I was a Head Start Family Educator in the Appalachians for five years.
Heather Nann

Thank you for writing this. I really believe that development (anywhere) is about the family and the family structure, not xyz “issues.” The deepest and most sustainable work in the long term takes into account all the factors that affect a family, rather than expecting you can treat a whole community with layered-on handouts. Some handouts may be necessary (like food stamps), but they need to be given in context, along with skills development (such as entrepreneurship, financial education, basic literacy, etc). The HeadStart approach sounds like one of the best I’ve heard of recently.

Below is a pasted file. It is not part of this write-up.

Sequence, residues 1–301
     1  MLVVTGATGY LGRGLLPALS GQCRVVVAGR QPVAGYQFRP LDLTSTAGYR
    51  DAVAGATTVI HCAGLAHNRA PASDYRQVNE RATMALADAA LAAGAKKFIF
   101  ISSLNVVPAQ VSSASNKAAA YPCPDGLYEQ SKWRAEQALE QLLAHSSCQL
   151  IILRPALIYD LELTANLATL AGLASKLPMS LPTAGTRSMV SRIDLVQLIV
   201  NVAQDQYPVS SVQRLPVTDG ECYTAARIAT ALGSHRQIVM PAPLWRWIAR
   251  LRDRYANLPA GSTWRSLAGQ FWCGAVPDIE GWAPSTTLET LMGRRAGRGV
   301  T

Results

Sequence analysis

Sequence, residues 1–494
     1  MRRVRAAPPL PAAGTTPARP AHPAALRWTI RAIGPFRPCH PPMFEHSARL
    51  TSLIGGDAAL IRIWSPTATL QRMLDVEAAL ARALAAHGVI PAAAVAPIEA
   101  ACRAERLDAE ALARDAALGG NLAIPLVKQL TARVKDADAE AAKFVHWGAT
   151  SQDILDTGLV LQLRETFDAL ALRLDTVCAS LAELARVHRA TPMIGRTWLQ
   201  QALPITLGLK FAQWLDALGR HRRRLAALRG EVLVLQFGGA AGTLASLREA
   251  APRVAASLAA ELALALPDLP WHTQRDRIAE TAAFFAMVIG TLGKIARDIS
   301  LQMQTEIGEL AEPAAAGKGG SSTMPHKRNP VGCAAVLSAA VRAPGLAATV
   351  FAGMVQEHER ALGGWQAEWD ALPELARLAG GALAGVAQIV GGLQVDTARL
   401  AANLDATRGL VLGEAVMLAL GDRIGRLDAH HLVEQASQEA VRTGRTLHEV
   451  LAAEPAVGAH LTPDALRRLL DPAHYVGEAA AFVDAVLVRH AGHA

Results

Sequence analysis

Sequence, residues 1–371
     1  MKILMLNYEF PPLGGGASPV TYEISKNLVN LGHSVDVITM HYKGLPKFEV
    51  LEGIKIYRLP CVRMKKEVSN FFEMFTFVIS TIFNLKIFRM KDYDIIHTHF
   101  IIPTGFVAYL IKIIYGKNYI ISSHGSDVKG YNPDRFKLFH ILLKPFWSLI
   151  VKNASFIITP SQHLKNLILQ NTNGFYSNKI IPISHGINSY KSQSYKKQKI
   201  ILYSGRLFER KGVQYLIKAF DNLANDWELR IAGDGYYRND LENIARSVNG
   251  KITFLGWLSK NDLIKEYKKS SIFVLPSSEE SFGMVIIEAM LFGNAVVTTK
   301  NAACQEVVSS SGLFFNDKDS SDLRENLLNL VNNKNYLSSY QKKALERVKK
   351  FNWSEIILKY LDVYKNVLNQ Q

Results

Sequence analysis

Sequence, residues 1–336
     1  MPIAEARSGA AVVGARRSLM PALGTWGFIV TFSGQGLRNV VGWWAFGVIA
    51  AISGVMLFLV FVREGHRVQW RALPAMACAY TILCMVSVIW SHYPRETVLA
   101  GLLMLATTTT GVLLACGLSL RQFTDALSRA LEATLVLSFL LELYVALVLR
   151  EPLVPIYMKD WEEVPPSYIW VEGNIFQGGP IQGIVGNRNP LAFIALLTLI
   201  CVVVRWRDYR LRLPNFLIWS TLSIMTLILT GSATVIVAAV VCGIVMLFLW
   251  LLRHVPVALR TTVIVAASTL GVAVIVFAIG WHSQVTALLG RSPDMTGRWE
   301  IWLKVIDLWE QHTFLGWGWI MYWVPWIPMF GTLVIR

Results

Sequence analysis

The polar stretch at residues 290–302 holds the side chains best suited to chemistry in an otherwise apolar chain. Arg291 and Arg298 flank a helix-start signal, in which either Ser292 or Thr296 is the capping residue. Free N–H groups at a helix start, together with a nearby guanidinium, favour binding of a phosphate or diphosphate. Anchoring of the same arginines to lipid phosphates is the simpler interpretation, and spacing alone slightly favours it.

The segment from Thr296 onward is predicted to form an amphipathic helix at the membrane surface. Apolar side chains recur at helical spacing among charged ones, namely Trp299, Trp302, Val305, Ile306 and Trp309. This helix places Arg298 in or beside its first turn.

(I’ve been a Peace Corps volunteer in Zambia for 3 years, and spent the first two in a rural village working with families on sustainable agriculture practices, among other things.)

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